Tuesday, 10 January 2012

The Cement Garden

The Cement Garden is based on a 1978 novel by Ian McEwan and is also about adolescent sexual awakening although this time between a brother and sister. The family live in a concrete house on the edge of town as the housing a round them is demolished. When both parents die is relatively quick succession the three children, the elder sister, the brother and the youngest, also a boy are left with a dilemma knowing that if they report the death of the second parent the family will be split and the youngest possibly both boys placed into care. They use concrete from the neighbouring building site incase their mother in a metal cabinet in the basement.

Their mother knowing she is going into hospital had opened an account for her daughter to use so they have income and therefore are able to continue without coming to the attention of the authorities and because of their social isolation in terms of location there are neighbours to notice and take action.

The girl does her best but the adolescent brother alternates between babyhood and sexual arousal masturbating while looking at “girlie” magazines and in between a refusal to contribute in a positive way to keeping the family together in terms of day to household chores, cooking, cleaning, washing etc.

The two older children therefore adopt the traditional roles of mother and father in the situation with the normal tensions that will arise in any household. It can be argued that this is a film about what are the acceptable norms within families, what happens within families behind closed doors particularly if the family is isolated in a physical or social sense and difficulties are not picked up at school at school as the critical aspect of the story takes places during the long summer holiday from school.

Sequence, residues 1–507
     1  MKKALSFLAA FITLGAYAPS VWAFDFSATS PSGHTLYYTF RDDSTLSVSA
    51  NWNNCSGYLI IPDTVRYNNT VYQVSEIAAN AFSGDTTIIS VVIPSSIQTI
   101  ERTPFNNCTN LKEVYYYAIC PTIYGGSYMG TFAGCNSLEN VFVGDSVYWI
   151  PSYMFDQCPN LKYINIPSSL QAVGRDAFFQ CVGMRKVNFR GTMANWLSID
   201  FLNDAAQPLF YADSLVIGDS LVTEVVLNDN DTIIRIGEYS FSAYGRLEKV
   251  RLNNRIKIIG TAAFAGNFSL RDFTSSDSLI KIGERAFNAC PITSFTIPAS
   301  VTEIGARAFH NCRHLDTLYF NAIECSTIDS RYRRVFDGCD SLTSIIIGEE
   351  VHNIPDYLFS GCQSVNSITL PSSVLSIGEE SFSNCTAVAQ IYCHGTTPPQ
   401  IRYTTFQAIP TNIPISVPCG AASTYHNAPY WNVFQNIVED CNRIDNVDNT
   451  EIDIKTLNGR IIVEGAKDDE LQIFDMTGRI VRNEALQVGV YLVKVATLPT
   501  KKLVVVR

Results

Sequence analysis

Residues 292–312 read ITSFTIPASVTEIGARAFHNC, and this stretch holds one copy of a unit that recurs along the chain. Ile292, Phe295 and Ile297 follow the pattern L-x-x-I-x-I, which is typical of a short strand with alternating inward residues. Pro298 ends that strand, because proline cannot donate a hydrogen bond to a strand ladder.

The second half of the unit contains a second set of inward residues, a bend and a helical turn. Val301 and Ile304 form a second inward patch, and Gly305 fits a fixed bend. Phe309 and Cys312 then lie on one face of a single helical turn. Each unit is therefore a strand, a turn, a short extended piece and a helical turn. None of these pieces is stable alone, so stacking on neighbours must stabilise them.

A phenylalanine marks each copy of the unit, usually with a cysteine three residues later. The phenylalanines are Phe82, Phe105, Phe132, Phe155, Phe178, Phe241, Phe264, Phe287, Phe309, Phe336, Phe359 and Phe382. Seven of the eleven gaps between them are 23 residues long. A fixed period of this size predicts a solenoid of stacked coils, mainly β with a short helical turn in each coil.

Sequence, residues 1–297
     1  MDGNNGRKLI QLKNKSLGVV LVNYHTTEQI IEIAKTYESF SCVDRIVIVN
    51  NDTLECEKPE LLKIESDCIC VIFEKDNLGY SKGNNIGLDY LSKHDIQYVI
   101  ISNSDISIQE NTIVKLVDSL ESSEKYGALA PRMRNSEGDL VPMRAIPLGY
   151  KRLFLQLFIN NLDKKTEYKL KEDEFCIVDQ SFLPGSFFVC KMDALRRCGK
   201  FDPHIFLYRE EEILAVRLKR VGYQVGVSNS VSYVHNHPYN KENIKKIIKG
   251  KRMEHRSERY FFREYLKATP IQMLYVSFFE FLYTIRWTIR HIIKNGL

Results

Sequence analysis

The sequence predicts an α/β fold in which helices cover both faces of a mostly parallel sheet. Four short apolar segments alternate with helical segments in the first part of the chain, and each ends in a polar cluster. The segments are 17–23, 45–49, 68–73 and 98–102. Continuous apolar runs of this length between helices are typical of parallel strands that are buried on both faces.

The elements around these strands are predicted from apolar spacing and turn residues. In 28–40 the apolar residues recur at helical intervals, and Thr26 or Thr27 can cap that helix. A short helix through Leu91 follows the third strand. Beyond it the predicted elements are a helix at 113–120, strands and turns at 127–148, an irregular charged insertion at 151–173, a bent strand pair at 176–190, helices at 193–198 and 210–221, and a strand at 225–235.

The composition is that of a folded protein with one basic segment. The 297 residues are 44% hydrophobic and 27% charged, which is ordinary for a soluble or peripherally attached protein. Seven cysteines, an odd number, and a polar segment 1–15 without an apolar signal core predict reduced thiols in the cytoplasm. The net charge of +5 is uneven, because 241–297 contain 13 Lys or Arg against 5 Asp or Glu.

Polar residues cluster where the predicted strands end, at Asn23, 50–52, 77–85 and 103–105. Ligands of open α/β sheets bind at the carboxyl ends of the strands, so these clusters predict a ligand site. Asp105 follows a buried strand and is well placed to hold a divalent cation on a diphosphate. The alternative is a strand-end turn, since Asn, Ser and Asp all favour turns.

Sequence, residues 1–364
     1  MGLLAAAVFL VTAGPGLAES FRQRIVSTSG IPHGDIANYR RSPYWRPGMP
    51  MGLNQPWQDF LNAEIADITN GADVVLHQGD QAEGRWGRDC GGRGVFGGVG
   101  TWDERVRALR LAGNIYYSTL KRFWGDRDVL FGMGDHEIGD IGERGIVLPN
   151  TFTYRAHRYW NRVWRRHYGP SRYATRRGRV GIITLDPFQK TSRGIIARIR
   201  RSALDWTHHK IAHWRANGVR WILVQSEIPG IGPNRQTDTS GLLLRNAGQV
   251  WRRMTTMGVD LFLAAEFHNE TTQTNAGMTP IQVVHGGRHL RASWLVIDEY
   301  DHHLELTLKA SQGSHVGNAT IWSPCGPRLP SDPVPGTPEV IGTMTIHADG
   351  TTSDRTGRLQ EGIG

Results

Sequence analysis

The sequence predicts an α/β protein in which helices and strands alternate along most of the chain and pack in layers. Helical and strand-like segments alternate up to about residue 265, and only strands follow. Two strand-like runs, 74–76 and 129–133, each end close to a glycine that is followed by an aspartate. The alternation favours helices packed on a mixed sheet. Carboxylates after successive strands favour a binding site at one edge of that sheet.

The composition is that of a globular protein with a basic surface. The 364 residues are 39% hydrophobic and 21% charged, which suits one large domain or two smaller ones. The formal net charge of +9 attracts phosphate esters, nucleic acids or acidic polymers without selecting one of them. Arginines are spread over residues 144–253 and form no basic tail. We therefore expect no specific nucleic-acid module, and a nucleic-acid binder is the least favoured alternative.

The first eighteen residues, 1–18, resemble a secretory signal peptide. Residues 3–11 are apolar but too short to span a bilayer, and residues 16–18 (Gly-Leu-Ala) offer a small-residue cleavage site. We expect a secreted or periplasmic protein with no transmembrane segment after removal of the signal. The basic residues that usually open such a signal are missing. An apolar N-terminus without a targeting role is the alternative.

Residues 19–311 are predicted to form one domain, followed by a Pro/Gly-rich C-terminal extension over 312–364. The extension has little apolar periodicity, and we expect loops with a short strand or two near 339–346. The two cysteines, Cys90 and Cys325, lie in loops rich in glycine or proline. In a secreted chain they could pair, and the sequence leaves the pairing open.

The films reach a climax because of several factors. The young woman takes up with a young building contractor or someone employed by a contractor developing the waste land between the house and other properties. Although the impression presented is of a sexual relationship with the man involved providing expensive presents and the taking the young woman off on trips in his red sports car, it emerges that this has not been the situation and which in turn is the downfall of the the couple and their situation; secondly the young man is understandably curious about how the children have come to be on their own and when there is smell in the basement arising from a crack in the badly mixed concerete casing for the mother his concerns grows. He may well have helped in the cover up of the situation if he ahd not chosen to return at the very moment brother and sister reach the point of mutual consolation. He leaves outraged and frustrated at they way he believes he had been treated. The very moment that the couple move from consolation into sexual union, we the audience are aware of the blue flashing light of a police vehicle outside the property called no doubt by the boyfriend. The film ends.

It can be argued that both films are therefore works of art rather than entertainments. Not great art, but good art.

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